How to get rid of foreign currency before you fly home

Simple tips to lighten your load and prep you for your next overseas trip.

By David Flynn, September 26 2022
How to get rid of foreign currency before you fly home

Although the world at large is becoming increasingly cashless, with credit cards and travel money cards leading the charge, there’s still a place for actual foreign currency when you’re overseas.

I find it both reassuring and convenient to have some local notes and coins for any country I visit – especially if that means I don’t have to desperately change my money at the airport or hotel, where exchange rates are always among the worst going.
So at the end of any trip, a stash of local currency has steadily built up. Here are some ways to handle it.

1. When checking out of the hotel

When it’s time to heck out of the hotel, I have all the coins changed into notes and highest-denomination coins, just to cut down on the loose ’shrapnel’. Some people I know prefer to just put all foreign currency – notes and coins - towards paying off part of the hotel bill.

2. Top up your travel card

Another way to make use of foreign currency for your next trip is to put some or all of it onto the balance of that country’s tap-and-go travel card, such as London’s Oyster card and Hong Kong’s Octopus card.

It’s a simple task for your last day on the ground, especially if you’re catching a train to the airport.

3. Keep the notes for next time

For a destination I expect to return to, or one I regularly visit, I always like to have some notes on hand for that next trip, just for the convenience factor of having some local currency when I land.

The ‘travel drawer’ in my office thus contains not only my passport, some visa photos and an international AC/USB charger, but a series of envelopes with currency and travel cards for the UK, Europe, the USA, Singapore, Hong Kong, Malaysia, Europe, the UAE and many other countries.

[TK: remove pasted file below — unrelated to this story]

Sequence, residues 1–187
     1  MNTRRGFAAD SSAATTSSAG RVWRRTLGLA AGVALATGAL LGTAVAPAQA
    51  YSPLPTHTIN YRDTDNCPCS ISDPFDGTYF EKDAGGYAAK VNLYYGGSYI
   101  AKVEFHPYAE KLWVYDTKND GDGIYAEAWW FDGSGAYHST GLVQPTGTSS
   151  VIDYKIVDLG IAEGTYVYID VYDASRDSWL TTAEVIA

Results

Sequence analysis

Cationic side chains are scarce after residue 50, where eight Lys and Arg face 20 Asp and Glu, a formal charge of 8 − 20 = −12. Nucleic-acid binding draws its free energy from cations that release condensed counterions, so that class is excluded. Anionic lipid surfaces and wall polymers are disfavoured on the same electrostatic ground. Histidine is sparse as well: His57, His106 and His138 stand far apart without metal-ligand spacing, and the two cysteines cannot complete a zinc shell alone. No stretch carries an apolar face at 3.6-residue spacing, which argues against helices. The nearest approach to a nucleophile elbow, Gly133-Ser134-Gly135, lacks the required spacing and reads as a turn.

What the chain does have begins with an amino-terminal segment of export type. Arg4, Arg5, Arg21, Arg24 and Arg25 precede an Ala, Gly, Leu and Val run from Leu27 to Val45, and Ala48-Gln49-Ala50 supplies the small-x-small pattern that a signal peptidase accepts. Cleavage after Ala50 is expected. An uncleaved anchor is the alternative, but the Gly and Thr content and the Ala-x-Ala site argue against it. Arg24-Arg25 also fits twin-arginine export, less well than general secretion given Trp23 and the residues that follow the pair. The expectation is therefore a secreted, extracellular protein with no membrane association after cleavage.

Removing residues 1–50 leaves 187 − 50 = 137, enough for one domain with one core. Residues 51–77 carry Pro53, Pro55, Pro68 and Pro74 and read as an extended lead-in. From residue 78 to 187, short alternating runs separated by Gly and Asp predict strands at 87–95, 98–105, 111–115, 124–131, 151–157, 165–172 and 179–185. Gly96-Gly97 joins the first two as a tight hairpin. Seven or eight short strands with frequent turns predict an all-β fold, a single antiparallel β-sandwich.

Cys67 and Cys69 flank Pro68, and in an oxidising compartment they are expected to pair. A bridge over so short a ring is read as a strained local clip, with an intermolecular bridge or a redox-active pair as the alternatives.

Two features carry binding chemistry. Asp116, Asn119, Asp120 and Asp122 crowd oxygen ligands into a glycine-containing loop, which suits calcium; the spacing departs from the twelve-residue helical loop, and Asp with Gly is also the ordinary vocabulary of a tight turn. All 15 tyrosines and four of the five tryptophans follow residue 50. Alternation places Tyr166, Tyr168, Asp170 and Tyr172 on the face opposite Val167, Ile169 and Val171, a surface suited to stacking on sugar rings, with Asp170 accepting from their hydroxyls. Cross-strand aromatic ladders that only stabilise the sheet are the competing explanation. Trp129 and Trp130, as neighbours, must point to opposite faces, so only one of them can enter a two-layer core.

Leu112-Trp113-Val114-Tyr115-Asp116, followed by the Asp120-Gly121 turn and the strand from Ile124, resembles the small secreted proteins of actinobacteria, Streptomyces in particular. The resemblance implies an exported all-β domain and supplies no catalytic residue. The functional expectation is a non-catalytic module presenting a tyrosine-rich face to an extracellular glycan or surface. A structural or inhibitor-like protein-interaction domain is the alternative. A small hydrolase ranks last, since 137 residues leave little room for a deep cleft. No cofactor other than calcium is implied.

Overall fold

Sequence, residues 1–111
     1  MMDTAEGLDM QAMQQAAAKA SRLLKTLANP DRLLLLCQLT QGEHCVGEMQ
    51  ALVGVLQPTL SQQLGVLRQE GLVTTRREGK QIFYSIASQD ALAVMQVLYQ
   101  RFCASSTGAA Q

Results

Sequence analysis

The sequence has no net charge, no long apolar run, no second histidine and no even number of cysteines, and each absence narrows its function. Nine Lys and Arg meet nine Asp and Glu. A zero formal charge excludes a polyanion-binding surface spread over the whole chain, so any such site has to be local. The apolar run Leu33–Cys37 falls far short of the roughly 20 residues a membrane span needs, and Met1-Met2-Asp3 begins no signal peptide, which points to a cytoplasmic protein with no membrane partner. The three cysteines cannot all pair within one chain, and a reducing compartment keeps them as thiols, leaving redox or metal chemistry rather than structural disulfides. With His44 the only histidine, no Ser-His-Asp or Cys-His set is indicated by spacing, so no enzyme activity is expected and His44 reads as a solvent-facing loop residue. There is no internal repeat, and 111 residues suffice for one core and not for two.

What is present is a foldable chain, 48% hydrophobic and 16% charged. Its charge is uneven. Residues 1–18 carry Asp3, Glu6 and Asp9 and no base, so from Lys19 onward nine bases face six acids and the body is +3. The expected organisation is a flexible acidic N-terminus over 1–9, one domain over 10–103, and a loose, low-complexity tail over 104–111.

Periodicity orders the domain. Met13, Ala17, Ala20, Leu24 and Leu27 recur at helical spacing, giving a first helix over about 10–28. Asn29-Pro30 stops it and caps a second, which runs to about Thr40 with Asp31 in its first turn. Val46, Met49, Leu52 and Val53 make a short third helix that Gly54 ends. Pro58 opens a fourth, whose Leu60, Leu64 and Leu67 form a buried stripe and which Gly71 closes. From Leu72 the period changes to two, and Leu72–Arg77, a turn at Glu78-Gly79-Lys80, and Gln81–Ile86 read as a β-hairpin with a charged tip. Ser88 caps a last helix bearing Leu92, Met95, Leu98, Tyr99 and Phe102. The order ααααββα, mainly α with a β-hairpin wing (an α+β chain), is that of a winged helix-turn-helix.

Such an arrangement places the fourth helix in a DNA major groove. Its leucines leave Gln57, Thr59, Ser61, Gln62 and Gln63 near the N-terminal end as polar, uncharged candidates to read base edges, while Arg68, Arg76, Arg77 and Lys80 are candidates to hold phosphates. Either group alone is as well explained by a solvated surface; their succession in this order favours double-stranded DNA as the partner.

This adds a bit of grab-and-go simplicity to my next trip to each of those countries.

4. Donate it

This one is an oldie but a goodie, especially for the soul.

You might not want to part with the highest-value notes from your overseas trip, but loose change and small-denomination notes are always welcome as donations, either at the airport or during your flight through programs such as the UNICEF Change for Good scheme.


11 Jul 2014

Total posts 940

These days I find 200 Euro or US and an ING Orange Debit Card is all you need. On the final day part pay the hotel bill and leave a bit of cash for those Toblerones at duty free.

28 Sep 2022

Total posts 1

Generally I agree with these suggestions. HOWEVER, in regard to 3. Keep Notes for Next Time - holding notes for the next time you travel can lead to complications. For example, UK has recently removed some notes as legal tender. While redemption of 'old' notes can be made via Post Offices or ultimately the Bank of England, this could be very inconvenient for travellers who will need to visit specific Post Offices or the Bank of England in London in order to have their notes 'redeemed'. Ultimately, you will not lose value, but it could be problematic and time-consuming to redeem the value of 'old' currency.

12 Dec 2012

Total posts 1024

I have ziplock bags of coins of a number of currencies, mainly because exchange places don't take coins. I just use them the next time I'm in the area.

I currently have a number of USD notes left over from my last trip (just before Covid), the amount isn't worth changing. I expect I'll be in the US again in the next 12 months anyway.

I prefer to have cash in the local currency on hand. Using cards and or digital payment systems overseas can get overly expensive, much more then using cash, due to fees charged by the bank and/or phone provider (for mobile data to use the payment apps) at home.

I've had some issues saving notes for use "next time" before. I was in Budapest in late 2017. A number of the Hungarian forint notes were withdrawn in July, a few months before I was there. Some family members had been there been there before that withdrawal and gave their left over cash to me. No one accepted those old notes, so I had to find a bank to exchange them.

I also had a store in China one trip refuse to take "old" notes that I'd been given at the airport currency exchange counter a few hours before.

24 Oct 2010

Total posts 2551

Hi Himeno, the plastic ziplock bag approach works so well, doesn't it! Like you, I always like to have local currency on hand, even if it's not a very large amount. Travel money cards have become a real game-changer, eg I use a Wise card a lot now, but nothing beats a little cash if only for peace of mind.

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